Future of Ballantine’s fruit still unknown

05/11/2009 05:42:58 PM
Don Schrack

Contrary to earlier reports, SunWest Fruit Co. Inc., Parlier, Calif., and its partner in the Ripe ‘N Ready brand, Fowler Packing Inc., Fowler, Calif., will not assume responsibility for packing and shipping stone fruit for Ballantine Produce Co. Inc., Sanger, Calif.

That’s according to Dean Thonesen, SunWest’s vice president and general manager.

What company or companies will step in to market the Ballantine fruit, however, was unknown May 11, and remaining executives of the now-closed Ballantine did not return phone calls.

Thonesen said the closure of the 65-year-old company will not jeopardize the future of the Ripe ‘N Ready stone fruit brand, nor will it affect the partnership’s other two brands, Zeal and Treehouse Kids labels.

“Fowler Packing and SunWest increased acreage substantially in the past year,” Thonesen said. “We have plenty of product to fill orders for Ripe ‘N Ready, Zeal and Treehouse Kids.”

The person in charge at Ballantine is John Pelton, who joined the company in March as chief executive officer, according to a former employee who requested anonymity. In April, chief operating officer Jerry DiBuduo was relieved of his duties, the employee said, and vice president of sales Steve Ryan was also terminated.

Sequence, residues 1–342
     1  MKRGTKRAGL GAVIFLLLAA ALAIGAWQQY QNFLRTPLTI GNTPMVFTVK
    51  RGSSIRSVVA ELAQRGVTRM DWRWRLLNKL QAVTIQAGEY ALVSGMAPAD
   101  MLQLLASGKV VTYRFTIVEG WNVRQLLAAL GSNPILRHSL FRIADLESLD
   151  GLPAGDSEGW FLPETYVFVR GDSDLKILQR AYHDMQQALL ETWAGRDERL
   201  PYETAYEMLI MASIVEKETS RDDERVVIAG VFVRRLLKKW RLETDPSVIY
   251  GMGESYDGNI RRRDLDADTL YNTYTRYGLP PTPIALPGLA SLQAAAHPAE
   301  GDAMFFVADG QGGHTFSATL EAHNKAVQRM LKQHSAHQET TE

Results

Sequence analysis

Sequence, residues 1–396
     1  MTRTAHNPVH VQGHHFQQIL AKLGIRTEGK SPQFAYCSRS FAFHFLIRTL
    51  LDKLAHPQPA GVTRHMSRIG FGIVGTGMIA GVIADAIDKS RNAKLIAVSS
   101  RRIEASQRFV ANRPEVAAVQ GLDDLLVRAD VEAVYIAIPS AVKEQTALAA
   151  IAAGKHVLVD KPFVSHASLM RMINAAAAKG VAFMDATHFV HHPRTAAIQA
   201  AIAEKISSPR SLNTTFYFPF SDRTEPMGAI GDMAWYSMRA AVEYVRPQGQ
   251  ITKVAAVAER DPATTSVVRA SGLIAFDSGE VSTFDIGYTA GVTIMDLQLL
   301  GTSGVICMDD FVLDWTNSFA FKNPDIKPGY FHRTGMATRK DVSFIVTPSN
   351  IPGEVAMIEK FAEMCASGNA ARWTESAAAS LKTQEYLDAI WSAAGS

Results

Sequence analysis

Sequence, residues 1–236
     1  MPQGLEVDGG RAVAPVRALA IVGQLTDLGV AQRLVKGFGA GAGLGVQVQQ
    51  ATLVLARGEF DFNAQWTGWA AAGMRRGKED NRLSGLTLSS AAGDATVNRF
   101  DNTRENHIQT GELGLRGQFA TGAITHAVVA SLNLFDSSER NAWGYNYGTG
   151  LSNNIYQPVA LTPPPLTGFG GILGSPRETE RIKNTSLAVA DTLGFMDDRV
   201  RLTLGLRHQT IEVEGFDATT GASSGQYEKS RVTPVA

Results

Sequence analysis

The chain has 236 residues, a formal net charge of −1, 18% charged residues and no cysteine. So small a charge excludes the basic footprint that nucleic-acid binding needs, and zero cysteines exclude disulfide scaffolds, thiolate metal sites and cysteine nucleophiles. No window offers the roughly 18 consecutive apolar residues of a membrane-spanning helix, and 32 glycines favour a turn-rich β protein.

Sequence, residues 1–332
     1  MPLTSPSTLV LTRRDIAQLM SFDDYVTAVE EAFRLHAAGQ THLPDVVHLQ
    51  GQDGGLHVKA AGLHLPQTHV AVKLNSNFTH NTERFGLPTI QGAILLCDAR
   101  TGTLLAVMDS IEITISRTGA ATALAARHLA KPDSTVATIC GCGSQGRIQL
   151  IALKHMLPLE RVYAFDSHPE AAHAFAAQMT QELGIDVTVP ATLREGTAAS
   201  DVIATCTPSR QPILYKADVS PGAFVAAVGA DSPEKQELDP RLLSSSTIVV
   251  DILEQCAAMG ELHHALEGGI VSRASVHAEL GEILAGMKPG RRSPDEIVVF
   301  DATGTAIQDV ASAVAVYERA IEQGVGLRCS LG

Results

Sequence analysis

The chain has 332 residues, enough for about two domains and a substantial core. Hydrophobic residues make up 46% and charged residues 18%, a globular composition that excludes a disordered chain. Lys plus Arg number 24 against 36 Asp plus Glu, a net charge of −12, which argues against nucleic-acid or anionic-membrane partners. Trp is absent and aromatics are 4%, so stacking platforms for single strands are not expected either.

Reedley-area grower Walt Jones elected to take his fruit to Trinity Fruit Sales Co., Fresno, the former employee said.

“His departure was the catalyst. Other growers became concerned and some suppliers declined to extend credit,” he said.

Going into the season, Trinity had an agreement to market a portion of the fruit produced by Jones, said John Hein, salesman at Trinity Fruit. Jones approached Trinity in April and agreed to have the Fresno company market all of his volume, Hein said.

Ballantine operated two packinghouses, one in Sanger and one in Reedley, in addition to its growing operations. At peak of harvest, a former employee estimated the company employed about 600 workers in the orchards and packinghouses and in the sales and administrative departments.

The orchard work is reported to be continuing, but there’s no indication who will pack the fruit.

Ballantine Produce was founded in 1943. In recent years, its volume has been about nine million cartons of California grown and imported peaches, plums, nectarines apricots, apples and Asian pears.



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